The AAPI Community Celebrates Three Years of the Affordable Care Act
Many Asian Americans and Pacific Islanders (AAPIs) work hard to care for their families but are unable to get health insurance to help care for themselves. For them, and for all of us, as we reflect on the passage of the Affordable Care Act three years ago this week, we see it as the most significant event in the last 40 years with respect to our health, already making a difference in AAPI communities. And how the Affordable Care Act will be implemented in the next coming months will have a dramatic impact on AAPI communities all across the United States.
Even though health insurance is one of the most important determinants of health for AAPIs, nearly 1 in 5 AAPIs is uninsured. The Affordable Care Act will make approximately 2 million AAPIs who would otherwise be uninsured eligible for health insurance coverage by 2016. The Affordable Care Act ensures that hard-working AAPI families will get the security they deserve. It already is holding insurance companies accountable, bringing down costs across the system, and helping more families get the peace of mind of affordable health insurance. And, starting next year, insurance companies will be prohibited from denying coverage due to pre-existing conditions or charging women more just because they are women.
In addition to increasing health insurance coverage for AAPIs, the Affordable Care Act ensures that preventive services, including flu shots, mammograms, hepatitis B screenings for pregnant women, and recommended cancer screenings are covered without cost-sharing – such as copays or deductibles. The implementation this provision has already expanded coverage for at least one preventive service to 3.8 million AAPIs who have private health insurace. This will help address the fact that cancer screenings and prevention are particularly important for AAPIs, who are the least likely among all racial groups to receive routine mammograms and pap smears.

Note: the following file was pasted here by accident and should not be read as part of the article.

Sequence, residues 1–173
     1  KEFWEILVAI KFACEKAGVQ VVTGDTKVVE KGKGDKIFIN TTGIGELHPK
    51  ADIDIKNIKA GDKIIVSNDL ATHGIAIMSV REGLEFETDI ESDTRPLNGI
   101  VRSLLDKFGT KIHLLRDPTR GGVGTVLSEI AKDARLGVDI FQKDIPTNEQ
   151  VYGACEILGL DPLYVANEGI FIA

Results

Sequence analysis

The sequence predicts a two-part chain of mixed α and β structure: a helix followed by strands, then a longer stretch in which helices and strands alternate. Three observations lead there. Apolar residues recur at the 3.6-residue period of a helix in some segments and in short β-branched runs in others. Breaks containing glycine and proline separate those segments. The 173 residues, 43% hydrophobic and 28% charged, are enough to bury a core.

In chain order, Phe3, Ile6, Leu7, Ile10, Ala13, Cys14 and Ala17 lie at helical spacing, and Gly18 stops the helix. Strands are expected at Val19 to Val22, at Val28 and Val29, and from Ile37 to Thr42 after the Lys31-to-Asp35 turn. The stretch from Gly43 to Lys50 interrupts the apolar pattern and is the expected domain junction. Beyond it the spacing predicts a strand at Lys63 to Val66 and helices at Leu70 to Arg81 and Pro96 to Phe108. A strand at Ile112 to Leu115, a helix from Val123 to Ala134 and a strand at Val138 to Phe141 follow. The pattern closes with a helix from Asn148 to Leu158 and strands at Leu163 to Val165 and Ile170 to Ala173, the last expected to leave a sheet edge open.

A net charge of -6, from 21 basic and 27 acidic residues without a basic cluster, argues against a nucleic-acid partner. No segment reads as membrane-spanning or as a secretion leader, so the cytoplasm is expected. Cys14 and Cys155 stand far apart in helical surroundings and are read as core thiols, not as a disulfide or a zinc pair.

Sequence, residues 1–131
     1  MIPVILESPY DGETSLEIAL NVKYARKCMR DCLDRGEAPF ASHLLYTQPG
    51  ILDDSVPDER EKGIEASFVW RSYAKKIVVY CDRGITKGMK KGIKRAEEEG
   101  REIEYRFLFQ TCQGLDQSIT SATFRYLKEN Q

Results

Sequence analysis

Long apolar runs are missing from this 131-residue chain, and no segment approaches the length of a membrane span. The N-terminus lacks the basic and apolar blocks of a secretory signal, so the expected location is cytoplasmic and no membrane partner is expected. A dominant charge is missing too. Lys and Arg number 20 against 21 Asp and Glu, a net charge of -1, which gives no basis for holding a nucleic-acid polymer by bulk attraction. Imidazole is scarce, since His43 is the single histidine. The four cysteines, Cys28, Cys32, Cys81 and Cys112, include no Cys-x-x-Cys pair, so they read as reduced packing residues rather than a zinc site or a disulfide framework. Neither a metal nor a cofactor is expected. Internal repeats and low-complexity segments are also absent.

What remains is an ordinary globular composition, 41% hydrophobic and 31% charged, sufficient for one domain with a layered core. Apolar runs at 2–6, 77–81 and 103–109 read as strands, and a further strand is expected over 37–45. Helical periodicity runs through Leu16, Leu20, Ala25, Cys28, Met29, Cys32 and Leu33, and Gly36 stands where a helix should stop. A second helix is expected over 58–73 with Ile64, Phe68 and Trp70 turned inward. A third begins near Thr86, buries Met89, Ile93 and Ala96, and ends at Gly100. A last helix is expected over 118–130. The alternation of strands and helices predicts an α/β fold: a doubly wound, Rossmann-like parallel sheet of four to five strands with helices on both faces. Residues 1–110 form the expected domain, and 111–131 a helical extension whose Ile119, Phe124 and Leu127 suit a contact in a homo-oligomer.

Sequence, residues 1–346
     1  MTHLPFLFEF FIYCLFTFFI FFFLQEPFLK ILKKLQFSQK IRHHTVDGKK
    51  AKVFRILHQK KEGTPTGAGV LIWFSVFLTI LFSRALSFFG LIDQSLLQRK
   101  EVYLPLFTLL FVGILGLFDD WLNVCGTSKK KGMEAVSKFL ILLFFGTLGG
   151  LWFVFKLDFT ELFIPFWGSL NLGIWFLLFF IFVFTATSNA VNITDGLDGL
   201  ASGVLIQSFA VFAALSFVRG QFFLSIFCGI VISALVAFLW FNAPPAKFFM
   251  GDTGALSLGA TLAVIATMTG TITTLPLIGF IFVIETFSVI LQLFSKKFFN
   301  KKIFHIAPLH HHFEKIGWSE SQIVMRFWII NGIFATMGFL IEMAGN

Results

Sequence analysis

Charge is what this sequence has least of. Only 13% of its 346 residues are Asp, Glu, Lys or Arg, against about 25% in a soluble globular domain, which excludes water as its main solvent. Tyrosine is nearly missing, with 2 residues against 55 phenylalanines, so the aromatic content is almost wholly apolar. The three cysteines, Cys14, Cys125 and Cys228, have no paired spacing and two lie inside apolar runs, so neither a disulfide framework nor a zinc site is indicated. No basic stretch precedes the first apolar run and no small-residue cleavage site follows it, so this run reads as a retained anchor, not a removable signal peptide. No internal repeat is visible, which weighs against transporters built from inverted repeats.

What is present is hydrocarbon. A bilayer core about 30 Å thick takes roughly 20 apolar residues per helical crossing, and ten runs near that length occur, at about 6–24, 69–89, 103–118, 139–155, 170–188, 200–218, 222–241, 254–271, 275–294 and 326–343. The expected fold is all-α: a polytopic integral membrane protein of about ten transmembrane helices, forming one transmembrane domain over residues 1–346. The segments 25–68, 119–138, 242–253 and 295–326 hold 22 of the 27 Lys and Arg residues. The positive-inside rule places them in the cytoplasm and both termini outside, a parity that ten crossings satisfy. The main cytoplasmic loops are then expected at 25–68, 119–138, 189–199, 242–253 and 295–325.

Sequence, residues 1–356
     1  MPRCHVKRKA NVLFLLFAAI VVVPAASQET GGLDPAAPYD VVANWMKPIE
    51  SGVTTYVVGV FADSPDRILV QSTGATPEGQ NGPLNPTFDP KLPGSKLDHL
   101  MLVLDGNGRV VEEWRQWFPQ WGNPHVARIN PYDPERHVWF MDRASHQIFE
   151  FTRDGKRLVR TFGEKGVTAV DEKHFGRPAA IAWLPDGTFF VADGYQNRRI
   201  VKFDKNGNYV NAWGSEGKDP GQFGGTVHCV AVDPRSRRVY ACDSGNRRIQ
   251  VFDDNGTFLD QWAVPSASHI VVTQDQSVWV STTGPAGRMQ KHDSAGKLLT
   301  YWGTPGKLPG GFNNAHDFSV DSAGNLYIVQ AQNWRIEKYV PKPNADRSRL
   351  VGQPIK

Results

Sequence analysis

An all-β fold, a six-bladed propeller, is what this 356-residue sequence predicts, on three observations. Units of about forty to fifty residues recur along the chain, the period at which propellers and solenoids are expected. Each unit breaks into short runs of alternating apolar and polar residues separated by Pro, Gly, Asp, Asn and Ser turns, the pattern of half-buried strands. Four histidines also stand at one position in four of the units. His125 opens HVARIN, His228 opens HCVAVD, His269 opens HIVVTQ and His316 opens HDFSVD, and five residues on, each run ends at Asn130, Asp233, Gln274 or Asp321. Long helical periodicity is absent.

Also, as our economy continues to recover, the Affordable Care Act helps small businesses offer coverage to their employees through tax credits, making it affordable for the many AAPIs who either own or work for small businesses.
And expanded health insurance coverage is only the beginning of a better health care system for AAPIs under the Affordable Care Act. The health care law has helped 6.3 million Medicare beneficiaries save $6.1 billion on their prescription drugs. Last year, Medicare beneficiaries who received a discount saved an average of $706.
Many AAPIs get care from community health centers, which have received increased funding to provide culturally competent care. New models of care delivery and payment supported by the Affordable Care Act will also reduce health care costs while improving quality of care. Combined with the Recovery Act’s investment in electronic health record (EHR) systems, the Affordable Care Act supports better quality of care for all Americans, including AAPIs. The Affordable Care Act has also expanded research and data collection on health for different AAPI groups through improved data collection, which will provide more accurate information for patients, providers, and policy makers to ensure better health for AAPI communities.
Because of the Affordable Care Act, AAPIs will be able to get affordable, high-quality health care, treat and control their health conditions, and continue to take care of their families. As the Affordable Care Act continues to be implemented and enrollment begins on October 1, 2013, we all need to work together to ensure that AAPIs seeking affordable coverage enter the Health Insurance Marketplace. This lifesaving law will help AAPIs stay healthy so that they can take care of their families and be productive members of this great country. I invite you to click here for more information (including in-language material) about the benefits of the Affordable Care Act and how to get updates on enrolling for health care coverage.
Dr. Tung Nguyen is a Professor of Medicine at the University of California, San Francisco and serves on the President’s Advisory Commission on Asian Americans and Pacific Islanders.
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